Russia in World War I
the War
February Revolution






World War I : Aims and Strategies



A.) Military Strategies

The Russian Empire had a population exceeding that of the German Empire and Austria-Hungary combined. The Russian General Staff therefore believed that an offensive stragegy had to be pursued, a strategy very welcome to Russia's French allies because it would at least partially relieve them from German pressure.
The offensive strategy lead to a number of successes, especially in (Austro-Hungarian) Galicia, the Bukovina, Slovakia, and later in (Ottoman) Armenia. In part the success could be explained by a local population sympathetic to the Russians. Yet in the BATTLE OF TANNENBERG the Germans had stopped the Russian advance, and over time Russian offensives became less and less effective and more and more costly in terms of casualties. In 1914 alone, Russia lost 3 million men in dead, wounded and P.O.W.s.
When it came to artillery, the Russian army was hopelessly outgunned by the Germans. Worse, they lost many guns early in the war, and for the remainder they lacked artillery shells. They did even not have sufficient rifles to give one to every soldier, telling some they had to pick the rifle of a fallen comrade.
While attacks against the equally badly armed Austrians and Turks made sense, those against German positions were merely suicidal, only pinning the respective German forces down and preventing them being deployed elsewhere. The many Russian offensives - against these odds and with heaviest casualties - were often undertaken because the French and Italian allies asked for them.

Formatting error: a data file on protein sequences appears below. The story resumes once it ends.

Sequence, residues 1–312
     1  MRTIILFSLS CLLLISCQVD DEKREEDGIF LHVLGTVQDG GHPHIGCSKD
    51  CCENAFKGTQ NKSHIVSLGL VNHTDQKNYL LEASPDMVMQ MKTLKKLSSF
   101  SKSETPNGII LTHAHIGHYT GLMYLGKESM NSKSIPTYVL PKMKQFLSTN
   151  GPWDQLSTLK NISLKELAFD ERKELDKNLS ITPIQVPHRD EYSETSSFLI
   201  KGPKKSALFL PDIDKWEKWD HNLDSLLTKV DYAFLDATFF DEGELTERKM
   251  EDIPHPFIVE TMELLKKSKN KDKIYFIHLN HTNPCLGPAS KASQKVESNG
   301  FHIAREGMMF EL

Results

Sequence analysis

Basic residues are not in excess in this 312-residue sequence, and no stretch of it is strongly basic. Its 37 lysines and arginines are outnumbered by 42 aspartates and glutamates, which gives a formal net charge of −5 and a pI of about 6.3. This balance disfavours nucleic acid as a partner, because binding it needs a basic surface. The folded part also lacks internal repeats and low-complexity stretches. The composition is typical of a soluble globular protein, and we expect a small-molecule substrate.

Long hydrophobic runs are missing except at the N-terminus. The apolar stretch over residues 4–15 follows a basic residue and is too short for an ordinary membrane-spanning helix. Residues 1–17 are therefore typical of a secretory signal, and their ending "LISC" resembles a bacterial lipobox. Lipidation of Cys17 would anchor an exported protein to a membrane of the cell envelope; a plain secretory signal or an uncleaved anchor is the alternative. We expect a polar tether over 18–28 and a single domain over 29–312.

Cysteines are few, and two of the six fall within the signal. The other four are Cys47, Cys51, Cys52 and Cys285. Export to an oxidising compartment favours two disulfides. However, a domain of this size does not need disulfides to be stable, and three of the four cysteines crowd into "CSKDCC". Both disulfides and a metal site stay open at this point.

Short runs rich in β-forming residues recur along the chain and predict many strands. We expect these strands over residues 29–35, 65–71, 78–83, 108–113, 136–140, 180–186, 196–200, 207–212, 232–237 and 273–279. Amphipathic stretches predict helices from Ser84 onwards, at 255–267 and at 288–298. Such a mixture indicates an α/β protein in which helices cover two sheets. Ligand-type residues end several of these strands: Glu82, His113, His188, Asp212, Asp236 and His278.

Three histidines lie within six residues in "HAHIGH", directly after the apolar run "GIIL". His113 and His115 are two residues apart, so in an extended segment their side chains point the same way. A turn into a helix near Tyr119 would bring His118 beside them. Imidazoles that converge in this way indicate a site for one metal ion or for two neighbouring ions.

B.) War Aims

In the beginning, war aims were badly defined. Old dreams of maritime glory were resumed - control over the Bosphorus and Dardanelles, and Russian domination of the Baltic Sea, where EAST PRUSSIA was to be annexed. Russian domination over the Baltic Sea was the topic of two secret agreements with the Entente Powers in 1915 and 1916.







EXTERNAL
FILES
The Battle of Tannenberg, from Spartacus Schoolnet
Russia at War, 1914-1916, from Library of Congress, Country Studies (scroll down)
DOCUMENTS Images from Chronik 2000 Bilddatenbank : Russians surrendering in the Battle of Tannenberg, 1914
Emily Greene Balch, "Peace Delegates in Scandinavia and Russia," The Survey , 34 (September 4, 1915), pp. 506-08, posted by Women and Social Movements in the United States 1820-1940 at Binghamton
REFERENCE Irene Neander, Grundzüge der Russischen Geschichte (an Outline of Russian History), Darmstadt 1970, in German


This page is part of World History at KMLA
First posted in 2000, last revised on November 8th 2004

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